All, or at least nearly all, second-century Christian groups agreed that Christ had come to earth to bring salvation to people. But they disagreed vehemently over what exactly Jesus’s salvation-enabling message and deeds had been. For the Gnostics, the point of Christ’s mission on earth had been to point people in the direction of gnosis through his teachings – which were something like a residue of gnosis, and which could be used as a set of clues to help one to find gnosis for himself or herself – and through proving the immortality of the spirit by outliving the death of his human body. (See Jesus Christ in Gnosticism for more on this.) Jesus hadn’t been an absolutely unique kind of being, but rather a model for others to aspire toward – to gain gnosis and thereby become united with God and Christ. According to the Gospel of Philip, the successful Gnostic is “no longer a Christian, but a Christ.”[15]

The Politics of Salvation

The Gnostic view of salvation was bitterly opposed by another group of early Christians: the so-called “proto-orthodox,” from whom “Christianity” as we know it today is descended (including its Catholic, Protestant, and Eastern Orthodox varieties).

For the proto-orthodox, salvation wasn’t something that occurred within an individual’s spirit whenever that person had a mystical experience. Instead, salvation would occur for all true Christians collectively at some unknown date in the future when their bodies would be raised from the dead, just as the proto-orthodox believed Jesus’s body had been.[16][17] Furthermore, this salvation wouldn’t be based on gnosis or any other hallmark of inner spiritual maturity, but rather on outward social criteria: Does this person profess to be a Christian? Is he or she willing to undergo martyrdom? Has he or she been baptized? Does he or she submit to the clergy? Etc.[18]

Both the Gnostics and the proto-orthodox could point to the mutually-cherished writings attributed to the apostles Paul and John to justify their views.[19] And both camps claimed that their teachings had been passed down to them from the greatest luminaries among Jesus’s first followers, and thus had the stamp of apostolic authority.

But they told different stories about the method by which these teachings were transmitted down through the generations, stories that were in keeping with the larger differences between their worldviews. For the proto-orthodox, the true doctrines of the apostles had been bequeathed to them through the succession of the occupants of particular institutional offices: Bishop So-and-So had gotten them from Bishop What’s-His-Name, who in turn had gotten them from the apostle Peter, who naturally had gotten them from Jesus himself, and the like. They called this standard the “rule of faith.”[20] The Gnostics, however, claimed that their own teachings had been delivered by Christ and other biblical figures through direct revelations to spiritually advanced individuals. No institutional intermediaries were necessary.[21]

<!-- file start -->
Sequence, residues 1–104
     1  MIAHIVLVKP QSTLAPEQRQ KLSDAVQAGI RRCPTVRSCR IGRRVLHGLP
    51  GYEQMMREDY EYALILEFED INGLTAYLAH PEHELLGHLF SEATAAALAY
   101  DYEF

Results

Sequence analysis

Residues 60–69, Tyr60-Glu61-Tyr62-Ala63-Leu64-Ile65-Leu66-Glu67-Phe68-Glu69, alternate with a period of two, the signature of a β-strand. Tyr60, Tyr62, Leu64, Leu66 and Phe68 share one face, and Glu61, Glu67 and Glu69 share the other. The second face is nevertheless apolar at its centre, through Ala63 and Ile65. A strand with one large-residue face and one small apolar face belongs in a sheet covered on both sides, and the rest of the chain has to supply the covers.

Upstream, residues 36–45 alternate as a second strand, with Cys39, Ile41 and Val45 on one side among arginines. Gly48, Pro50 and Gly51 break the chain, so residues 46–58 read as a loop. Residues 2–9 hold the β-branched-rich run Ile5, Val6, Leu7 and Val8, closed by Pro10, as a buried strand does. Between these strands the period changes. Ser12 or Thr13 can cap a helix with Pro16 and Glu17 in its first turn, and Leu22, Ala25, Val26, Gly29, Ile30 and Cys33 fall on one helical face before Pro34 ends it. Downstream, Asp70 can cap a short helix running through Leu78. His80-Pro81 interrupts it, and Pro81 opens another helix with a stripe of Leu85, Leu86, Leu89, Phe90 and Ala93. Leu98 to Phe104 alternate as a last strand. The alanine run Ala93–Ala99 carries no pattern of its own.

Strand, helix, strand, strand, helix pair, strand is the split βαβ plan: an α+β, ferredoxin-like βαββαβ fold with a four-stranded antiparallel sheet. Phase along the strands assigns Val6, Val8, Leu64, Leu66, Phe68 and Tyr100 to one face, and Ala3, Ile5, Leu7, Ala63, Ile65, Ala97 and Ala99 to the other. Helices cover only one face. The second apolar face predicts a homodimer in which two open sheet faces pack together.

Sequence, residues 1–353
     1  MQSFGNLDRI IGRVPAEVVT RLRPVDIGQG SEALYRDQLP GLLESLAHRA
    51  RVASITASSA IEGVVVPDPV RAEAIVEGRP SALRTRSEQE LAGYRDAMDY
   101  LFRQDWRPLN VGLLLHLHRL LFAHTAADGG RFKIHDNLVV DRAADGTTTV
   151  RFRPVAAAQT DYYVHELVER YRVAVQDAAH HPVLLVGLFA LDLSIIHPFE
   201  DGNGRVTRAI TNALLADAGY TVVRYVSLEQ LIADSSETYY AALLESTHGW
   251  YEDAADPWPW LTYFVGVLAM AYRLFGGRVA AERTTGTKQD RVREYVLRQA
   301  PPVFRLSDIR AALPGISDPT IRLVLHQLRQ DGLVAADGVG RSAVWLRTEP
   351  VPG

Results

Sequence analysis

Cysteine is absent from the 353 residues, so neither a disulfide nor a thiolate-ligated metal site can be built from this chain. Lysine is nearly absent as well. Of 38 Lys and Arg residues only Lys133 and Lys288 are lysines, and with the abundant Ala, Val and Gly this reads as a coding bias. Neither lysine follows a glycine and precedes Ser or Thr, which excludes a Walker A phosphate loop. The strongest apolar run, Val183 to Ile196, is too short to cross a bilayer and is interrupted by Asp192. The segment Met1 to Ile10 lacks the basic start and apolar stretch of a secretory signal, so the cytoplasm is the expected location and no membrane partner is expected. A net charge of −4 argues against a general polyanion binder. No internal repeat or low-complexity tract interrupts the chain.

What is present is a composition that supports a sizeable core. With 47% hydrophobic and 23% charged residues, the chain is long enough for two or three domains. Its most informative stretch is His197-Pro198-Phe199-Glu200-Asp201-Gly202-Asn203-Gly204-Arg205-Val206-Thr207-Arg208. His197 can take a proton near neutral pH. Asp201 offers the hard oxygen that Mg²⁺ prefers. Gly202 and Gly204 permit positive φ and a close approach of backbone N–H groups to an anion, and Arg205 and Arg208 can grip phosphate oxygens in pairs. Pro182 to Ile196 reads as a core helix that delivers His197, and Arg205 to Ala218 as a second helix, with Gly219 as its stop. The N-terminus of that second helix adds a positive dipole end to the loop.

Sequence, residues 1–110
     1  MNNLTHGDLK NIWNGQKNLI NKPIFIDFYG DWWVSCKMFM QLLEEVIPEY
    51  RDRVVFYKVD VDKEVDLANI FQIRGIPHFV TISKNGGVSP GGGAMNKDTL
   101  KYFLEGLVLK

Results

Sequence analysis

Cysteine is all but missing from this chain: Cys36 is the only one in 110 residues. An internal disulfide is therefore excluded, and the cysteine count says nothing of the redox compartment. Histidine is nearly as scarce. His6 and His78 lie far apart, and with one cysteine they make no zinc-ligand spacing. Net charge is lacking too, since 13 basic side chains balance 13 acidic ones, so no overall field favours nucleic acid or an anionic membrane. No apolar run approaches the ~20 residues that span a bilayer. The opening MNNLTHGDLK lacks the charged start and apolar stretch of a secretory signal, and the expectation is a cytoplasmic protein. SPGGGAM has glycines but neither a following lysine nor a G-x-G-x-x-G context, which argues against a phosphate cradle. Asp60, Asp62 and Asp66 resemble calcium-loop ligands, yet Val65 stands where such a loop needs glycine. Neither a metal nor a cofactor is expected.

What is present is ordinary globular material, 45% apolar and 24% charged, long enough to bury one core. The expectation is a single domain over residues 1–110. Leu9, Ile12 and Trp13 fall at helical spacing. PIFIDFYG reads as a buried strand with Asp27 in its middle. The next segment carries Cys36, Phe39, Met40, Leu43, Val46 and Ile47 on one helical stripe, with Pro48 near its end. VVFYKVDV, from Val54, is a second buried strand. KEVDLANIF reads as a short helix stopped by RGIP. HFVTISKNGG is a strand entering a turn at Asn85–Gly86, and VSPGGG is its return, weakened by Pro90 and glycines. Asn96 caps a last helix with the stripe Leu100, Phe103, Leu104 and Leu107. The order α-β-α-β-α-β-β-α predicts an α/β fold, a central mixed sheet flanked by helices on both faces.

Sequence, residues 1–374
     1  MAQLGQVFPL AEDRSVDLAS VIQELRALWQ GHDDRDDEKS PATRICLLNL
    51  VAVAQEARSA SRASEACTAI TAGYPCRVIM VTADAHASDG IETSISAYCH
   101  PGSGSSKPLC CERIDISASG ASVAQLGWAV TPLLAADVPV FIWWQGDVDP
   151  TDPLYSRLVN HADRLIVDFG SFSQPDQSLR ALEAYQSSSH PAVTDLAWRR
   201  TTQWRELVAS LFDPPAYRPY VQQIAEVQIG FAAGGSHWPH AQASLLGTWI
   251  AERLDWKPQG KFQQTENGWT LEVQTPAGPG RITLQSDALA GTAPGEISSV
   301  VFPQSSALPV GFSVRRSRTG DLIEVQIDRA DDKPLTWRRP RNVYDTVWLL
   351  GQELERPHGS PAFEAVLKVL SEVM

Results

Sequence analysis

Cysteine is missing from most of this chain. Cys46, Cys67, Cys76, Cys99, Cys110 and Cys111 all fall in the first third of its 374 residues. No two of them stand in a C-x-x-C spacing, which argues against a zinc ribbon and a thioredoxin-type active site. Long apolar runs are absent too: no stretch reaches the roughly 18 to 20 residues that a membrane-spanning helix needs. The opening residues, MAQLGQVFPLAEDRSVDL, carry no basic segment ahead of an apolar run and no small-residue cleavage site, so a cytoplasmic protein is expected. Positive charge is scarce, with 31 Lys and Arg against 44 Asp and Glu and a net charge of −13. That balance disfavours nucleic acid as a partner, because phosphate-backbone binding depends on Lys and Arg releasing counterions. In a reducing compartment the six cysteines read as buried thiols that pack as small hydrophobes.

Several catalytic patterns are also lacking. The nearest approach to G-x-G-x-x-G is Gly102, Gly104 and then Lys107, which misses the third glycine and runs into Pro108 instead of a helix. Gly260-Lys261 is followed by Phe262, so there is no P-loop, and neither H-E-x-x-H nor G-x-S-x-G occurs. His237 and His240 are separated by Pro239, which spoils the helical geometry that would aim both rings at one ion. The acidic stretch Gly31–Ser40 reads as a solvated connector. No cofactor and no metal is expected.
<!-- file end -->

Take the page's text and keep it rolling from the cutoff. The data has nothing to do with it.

These differences between the Gnostics and the proto-orthodox over the nature of salvation and spiritual authority weren’t dry academic disputes. They went hand in hand with the two groups’ social ambitions in the politics of the early Christian church. The Gnostics believed that the true church was comprised of those with gnosis, which made the proto-orthodox illegitimate, authoritarian pretenders. The proto-orthodox, meanwhile, held that the true church was comprised of those who obeyed the clergy – by which they meant the proto-orthodox clergy specifically – and cast the Gnostics as conceited, deluded subversives.[22]

So, for example, the Gnostic Revelation of Peter called the proto-orthodox “dry canals” who “name themselves ‘bishop’ and also ‘deacons,’ as if they have received their authority from God,” but are in reality “blind and deaf” and “without perception.”[23] Bishop Irenaeus of Lyons, one of the supreme champions of proto-orthodoxy, in turn characterized the Gnostics as “thieves and robbers… false persons, evil seducers, and hypocrites.”[24] Irenaeus’s proto-orthodox colleague Bishop Ignatius of Antioch accordingly demanded of all Christians, “Let no one do anything pertaining to the church without the bishop… To join with the bishop is to join the church; to separate oneself from the bishop is to separate oneself not only from the church, but from God himself.”[25]

But this stress on unconditional obedience to the clergy presented a problem for the proto-orthodox: what were they to do in cases where the clergy themselves were “heretics,” as was often the case in the first centuries after Jesus’s death? To remedy this, they set out to systematically hunt down, remove, and replace any members of the clergy who weren’t in agreement with them so that their position on spiritual authority would be consistent.[26] For example, Irenaeus got the late-second-century Bishop Victor of Rome to fire his presbyter Florinus for being a Gnostic.[27]